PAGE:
Finally, there is the question of Washington’s increasing isolation. During the postwar decades the U.S. was “alone in the world” — the phrase of the Italian journalist Luigi Barzini — by virtue of its unchallenged dominance. For better or worse, America led. This has turned upside down since the attacks of Sept. 11, 2001: The U.S. is now ever more alone because it repeatedly flinches from the 21st century, effectively refusing to accept that the 20th has passed.

There has yet to be an open breach between the U.S. and its postwar allies. But it is not difficult to imagine that one lies out in the middle distance — an eventuality that was unthinkable even a decade or so ago. The now-evident trans-Atlantic rift worsened steadily after the Obama administration force-marched the Continent to conform to the sanctions it imposed on Russia after the U.S.–cultivated coup in Ukraine five years ago. Trump widened it very dramatically when he withdrew last year from the 2015 accord governing Iran’s nuclear programs.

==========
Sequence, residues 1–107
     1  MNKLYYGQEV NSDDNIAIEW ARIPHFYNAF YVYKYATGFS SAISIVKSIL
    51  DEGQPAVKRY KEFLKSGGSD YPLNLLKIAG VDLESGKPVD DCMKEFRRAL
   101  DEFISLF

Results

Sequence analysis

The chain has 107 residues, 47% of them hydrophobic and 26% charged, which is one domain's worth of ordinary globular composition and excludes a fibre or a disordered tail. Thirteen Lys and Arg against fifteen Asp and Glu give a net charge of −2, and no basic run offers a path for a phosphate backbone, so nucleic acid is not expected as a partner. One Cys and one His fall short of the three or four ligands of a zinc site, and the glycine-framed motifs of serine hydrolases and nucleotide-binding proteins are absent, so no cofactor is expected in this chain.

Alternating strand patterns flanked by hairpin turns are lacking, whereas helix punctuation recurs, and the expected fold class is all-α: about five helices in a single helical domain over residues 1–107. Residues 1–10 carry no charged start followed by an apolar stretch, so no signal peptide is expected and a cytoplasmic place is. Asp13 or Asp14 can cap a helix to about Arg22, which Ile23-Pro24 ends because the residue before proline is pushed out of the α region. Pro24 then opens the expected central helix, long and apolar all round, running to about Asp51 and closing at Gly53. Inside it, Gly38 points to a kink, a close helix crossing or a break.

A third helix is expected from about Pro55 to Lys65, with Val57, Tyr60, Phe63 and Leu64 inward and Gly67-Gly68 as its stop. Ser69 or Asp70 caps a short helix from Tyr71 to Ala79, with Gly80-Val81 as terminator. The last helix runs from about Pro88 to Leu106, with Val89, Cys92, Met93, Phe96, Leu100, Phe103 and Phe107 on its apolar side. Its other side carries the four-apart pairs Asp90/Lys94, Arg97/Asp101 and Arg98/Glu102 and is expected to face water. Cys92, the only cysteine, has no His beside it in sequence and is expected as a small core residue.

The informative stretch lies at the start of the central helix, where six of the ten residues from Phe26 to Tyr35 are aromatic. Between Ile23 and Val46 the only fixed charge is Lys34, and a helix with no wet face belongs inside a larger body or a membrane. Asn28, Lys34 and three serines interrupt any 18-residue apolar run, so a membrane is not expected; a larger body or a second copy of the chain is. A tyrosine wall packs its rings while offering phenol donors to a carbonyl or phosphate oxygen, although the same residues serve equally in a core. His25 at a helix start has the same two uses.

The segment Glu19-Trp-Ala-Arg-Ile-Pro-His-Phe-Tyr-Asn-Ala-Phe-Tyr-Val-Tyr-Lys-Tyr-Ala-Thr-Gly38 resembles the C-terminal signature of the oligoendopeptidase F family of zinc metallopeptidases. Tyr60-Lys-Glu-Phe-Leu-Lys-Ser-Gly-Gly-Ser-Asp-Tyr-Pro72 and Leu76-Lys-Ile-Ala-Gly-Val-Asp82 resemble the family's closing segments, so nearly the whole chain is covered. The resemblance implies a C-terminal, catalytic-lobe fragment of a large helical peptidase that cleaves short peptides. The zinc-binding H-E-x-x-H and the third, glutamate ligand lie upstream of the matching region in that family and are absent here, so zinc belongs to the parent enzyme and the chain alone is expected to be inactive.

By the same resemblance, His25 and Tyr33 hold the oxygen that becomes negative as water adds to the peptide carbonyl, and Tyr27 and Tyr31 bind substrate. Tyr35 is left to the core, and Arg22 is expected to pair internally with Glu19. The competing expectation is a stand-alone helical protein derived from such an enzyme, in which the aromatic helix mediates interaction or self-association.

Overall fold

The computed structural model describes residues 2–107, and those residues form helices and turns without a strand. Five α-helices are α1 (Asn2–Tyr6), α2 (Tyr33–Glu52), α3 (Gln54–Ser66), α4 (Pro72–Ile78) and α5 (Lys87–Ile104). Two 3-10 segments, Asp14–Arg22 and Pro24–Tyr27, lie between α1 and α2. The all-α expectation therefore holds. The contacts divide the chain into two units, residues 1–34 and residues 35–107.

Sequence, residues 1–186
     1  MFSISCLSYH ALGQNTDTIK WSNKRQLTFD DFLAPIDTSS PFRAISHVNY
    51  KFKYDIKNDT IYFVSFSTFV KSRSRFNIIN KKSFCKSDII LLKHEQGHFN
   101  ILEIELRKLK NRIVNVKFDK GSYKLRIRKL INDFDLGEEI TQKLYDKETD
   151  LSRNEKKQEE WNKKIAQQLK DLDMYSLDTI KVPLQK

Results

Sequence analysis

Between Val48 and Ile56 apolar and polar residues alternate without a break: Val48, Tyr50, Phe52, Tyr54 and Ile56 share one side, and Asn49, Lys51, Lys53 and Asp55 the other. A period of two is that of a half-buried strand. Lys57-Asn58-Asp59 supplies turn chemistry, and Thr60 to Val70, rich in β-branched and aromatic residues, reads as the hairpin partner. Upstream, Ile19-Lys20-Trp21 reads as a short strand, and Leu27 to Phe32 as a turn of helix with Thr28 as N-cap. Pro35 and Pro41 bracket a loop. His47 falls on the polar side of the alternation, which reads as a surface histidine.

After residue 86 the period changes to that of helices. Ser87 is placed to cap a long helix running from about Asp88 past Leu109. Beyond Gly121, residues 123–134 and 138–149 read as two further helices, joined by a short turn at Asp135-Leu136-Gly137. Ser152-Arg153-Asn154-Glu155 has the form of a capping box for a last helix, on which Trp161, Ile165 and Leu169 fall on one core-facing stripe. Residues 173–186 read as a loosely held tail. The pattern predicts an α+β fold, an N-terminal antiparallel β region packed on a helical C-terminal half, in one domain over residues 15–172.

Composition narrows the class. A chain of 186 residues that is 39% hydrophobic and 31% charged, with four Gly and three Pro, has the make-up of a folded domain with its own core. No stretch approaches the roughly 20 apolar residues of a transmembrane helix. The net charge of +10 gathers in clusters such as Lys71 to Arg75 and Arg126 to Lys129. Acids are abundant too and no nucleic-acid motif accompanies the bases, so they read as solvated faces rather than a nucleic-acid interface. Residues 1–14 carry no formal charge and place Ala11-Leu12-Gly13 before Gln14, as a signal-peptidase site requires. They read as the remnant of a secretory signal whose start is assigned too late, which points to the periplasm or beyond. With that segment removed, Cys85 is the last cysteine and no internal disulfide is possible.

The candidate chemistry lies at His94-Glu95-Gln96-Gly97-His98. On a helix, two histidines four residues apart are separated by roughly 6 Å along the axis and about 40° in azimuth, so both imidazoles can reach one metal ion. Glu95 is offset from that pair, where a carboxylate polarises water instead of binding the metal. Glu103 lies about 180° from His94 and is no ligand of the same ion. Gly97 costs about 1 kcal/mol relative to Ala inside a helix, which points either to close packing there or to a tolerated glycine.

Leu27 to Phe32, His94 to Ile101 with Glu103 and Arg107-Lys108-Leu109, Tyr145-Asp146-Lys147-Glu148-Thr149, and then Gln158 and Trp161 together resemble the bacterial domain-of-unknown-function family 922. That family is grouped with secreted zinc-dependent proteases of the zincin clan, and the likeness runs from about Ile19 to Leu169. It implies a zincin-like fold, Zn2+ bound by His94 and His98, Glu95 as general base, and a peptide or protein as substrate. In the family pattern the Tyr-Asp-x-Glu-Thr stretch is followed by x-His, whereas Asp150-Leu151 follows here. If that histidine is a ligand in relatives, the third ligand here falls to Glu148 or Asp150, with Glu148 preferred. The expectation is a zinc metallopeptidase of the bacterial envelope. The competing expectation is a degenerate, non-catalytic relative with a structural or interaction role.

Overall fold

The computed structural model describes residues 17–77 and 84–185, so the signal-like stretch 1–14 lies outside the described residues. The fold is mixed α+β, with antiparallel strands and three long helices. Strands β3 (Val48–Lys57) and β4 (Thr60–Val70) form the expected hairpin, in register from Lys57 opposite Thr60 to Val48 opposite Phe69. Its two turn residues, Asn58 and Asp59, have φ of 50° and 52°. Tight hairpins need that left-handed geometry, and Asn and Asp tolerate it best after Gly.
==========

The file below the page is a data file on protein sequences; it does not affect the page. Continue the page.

It is lost on no one in Europe that the current crisis in the Persian Gulf is the direct outcome —and maybe the intended outcome — of that reckless decision. Should Washington’s hawkish factions persist in their transparent efforts to provoke a military conflict with Iran, the risk of a break straight down the middle of the Western alliance will draw all the nearer.

The U.S. remains beyond question the world’s most powerful nation, as is frequently remarked. But hard power is losing its agency: This is among the principal features of our new century. It is important now to distinguish between strong nations and the merely powerful. Most of what the U.S. does abroad has come to demonstrate the opposite of its intent. America is emerging as a powerful but weak nation, its leadership divided and unable to rethink its global position. And a loss of strength is the very essence of a nation in decline.

Source: Consortium News

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Ankh Maat Hotep
Ankh Maat Hotep
3 months ago

The desperate fight is on to SAVE AmeriKKKa (the empire of chaos).
“The decline of Empire is in progress and it’s decline would be very, very violent”….

mijj
mijj
3 months ago

typical Zionist USA – bringing a Hammer to a Screwdriver party.

Kjeith
Kjeith
3 months ago